• Software

    by Published on 12-22-2016 07:06 PM
    1. Categories:
    2. Software
    Article Preview



    Note: I originally started this piece as an in-depth look at Android for audiophiles. I wanted to do the research and educate people so they didn't have to spend their time combing the entire Internet. I figured the article would be a great resource for getting the best sound out of an Android device. After several days of research, talking to experts, even talking to Google, this article turned in a little different direction. There are major problems with Android audio. I ran into them. I tried to provide details and some workarounds, amid my frustration. - CC

    I purchased my first iPhone on June 9, 2008. It was the 3G model. Back then, I didn't really use it for audio because the world was a different place. That phone was maxed-out at 16GB of storage, there were no major streaming music services, analog audio output was less than good, and there were zero devices capable of extracting digital audio from an iPhone. As future iPhone versions were released with more storage, streaming services appeared with lossless offline downloads, and external DACs capable of turning an iPhone into a pretty good audio device became available, I switched from my 160 GB iPod Classic and began to depend on my iPhone for mobile audio playback.

    On September 7, 2016 the iPhone 7 was announced. I was set to upgrade from my iPhone 6 Plus, but was very underwhelmed after watching Apple's presentation. I thought about keeping my 6 Plus until the "magical" iPhone 8 is released, but decided it was time for a change. I switched to the Google Pixel phone running Android. When switching to an Android device, it was very important to me to use an official Google phone. Google ensures its phones have the "real" Android experience, without bloatware, and will be updated to the newest version of the Android operating system as soon as it's released. On the other hand, manufacturers such as Samsung, LG, HTC, Motorola, and Huawei use such customized versions of Android, it's hard to believe they can still use the Android brand. Bloatware an lack of updates are two major issues with non-Google Android phones. Anyway, I made the switch to a 128 GB Google Pixel, and the quest for audiophile quality audio from Android started immediately. I literally hadn't received the phone yet, and I was already trying to find the right audio-related accessories and the best way to output bit perfect audio. ...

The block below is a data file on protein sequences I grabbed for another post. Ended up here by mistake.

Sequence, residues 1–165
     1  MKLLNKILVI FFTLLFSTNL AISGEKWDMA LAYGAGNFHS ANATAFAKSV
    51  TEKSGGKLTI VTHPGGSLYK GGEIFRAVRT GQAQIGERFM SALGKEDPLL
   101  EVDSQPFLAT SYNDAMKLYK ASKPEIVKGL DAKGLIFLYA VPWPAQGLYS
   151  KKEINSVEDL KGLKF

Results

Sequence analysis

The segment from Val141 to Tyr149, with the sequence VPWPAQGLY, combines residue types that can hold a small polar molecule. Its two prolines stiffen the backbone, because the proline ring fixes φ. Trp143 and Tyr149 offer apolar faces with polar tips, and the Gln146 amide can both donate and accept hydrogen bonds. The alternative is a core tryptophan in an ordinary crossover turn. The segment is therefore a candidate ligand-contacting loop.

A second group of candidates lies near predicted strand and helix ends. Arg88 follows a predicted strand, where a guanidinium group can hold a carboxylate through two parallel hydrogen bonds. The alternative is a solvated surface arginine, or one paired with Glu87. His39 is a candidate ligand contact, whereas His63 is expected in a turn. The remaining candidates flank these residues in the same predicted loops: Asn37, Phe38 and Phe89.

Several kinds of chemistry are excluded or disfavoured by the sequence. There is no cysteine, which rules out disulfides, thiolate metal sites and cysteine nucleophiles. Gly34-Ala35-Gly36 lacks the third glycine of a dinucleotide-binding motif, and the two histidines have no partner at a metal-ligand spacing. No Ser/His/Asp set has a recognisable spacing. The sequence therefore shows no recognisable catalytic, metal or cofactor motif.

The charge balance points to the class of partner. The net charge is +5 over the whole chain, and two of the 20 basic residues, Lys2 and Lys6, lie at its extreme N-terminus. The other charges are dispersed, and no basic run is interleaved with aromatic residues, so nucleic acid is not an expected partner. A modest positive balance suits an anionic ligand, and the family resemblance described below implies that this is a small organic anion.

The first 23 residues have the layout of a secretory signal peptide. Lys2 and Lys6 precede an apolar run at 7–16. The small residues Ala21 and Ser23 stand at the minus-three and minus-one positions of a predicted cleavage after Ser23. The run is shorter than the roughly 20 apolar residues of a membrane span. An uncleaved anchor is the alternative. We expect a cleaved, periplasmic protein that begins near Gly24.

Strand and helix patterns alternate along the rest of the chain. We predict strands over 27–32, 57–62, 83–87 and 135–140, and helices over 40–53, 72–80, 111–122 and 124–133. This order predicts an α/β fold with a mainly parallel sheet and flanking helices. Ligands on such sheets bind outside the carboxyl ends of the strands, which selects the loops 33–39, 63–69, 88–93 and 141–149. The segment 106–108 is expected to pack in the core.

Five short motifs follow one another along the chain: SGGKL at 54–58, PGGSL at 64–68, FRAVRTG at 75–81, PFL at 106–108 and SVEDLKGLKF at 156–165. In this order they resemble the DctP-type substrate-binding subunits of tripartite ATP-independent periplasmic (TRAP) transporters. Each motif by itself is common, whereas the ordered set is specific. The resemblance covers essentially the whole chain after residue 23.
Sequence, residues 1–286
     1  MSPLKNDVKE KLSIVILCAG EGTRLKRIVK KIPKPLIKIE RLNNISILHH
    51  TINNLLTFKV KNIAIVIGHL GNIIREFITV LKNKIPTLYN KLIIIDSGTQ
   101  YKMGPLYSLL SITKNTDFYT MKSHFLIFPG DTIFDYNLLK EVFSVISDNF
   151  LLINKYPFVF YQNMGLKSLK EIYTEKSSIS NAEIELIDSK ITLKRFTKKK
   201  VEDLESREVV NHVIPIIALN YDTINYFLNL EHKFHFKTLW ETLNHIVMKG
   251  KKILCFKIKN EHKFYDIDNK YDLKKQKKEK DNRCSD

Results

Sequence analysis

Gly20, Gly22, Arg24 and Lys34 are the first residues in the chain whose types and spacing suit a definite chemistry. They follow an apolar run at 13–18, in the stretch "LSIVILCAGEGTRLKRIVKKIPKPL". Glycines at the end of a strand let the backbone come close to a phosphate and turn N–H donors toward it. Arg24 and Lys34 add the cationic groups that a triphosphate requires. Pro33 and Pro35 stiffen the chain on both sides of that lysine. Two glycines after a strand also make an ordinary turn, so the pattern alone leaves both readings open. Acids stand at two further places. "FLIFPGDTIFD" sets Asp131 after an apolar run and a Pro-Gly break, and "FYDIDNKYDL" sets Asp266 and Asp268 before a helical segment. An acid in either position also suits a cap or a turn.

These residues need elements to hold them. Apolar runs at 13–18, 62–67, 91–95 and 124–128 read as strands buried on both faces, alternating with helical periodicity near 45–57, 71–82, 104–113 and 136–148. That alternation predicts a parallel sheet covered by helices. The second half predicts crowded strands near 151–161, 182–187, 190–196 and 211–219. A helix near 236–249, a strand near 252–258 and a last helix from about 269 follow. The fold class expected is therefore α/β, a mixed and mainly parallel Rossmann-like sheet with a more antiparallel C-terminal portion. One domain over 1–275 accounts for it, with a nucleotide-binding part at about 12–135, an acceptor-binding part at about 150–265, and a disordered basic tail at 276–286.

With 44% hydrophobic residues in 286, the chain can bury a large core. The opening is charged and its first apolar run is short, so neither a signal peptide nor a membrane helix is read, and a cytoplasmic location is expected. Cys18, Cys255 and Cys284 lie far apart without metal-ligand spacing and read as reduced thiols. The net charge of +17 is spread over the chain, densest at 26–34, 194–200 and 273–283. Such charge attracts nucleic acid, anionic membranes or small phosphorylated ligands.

by Published on 03-19-2015 02:10 PM
    1. Categories:
    2. Software
    Article Preview



    Since the dawn of ripping CDs and downloading high resolution music people have been subjecting the files to audio analysis through applications such as Audacity and Adobe Audition. This type of analysis can be interesting when it reveals a high resolution album was simply upsampled from at 16 bit / 44.1 kHz version. A much more interesting, and more telling, indicator of sound quality can be seen when analyzing a track's waveform for dynamic range compression. Now that audiophiles are streaming lossless 16 bit / 44.1 kHz music from services such as TIDAL HIFI, Qobuz, and Deezer, the question of how to analyze this music becomes relevant. In the past we simply imported the file stored on our hard drive into one of the analysis applications and we had our answers. Because streaming services don't store music on our hard drives in the traditional ...